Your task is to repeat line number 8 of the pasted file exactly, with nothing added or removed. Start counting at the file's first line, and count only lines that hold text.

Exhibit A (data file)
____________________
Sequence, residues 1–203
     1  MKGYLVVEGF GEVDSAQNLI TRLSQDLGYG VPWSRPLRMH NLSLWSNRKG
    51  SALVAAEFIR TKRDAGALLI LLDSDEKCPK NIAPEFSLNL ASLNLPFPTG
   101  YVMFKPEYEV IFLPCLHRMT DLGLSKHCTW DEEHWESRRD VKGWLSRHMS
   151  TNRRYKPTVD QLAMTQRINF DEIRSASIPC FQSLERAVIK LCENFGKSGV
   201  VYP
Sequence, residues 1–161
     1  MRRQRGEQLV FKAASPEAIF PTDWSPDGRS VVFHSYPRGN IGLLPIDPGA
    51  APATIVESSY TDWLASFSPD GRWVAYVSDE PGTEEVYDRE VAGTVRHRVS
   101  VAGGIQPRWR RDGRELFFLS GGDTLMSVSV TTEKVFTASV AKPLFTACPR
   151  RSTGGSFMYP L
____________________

     1  MRRQRGEQLV FKAASPEAIF PTDWSPDGRS VVFHSYPRGN IGLLPIDPGA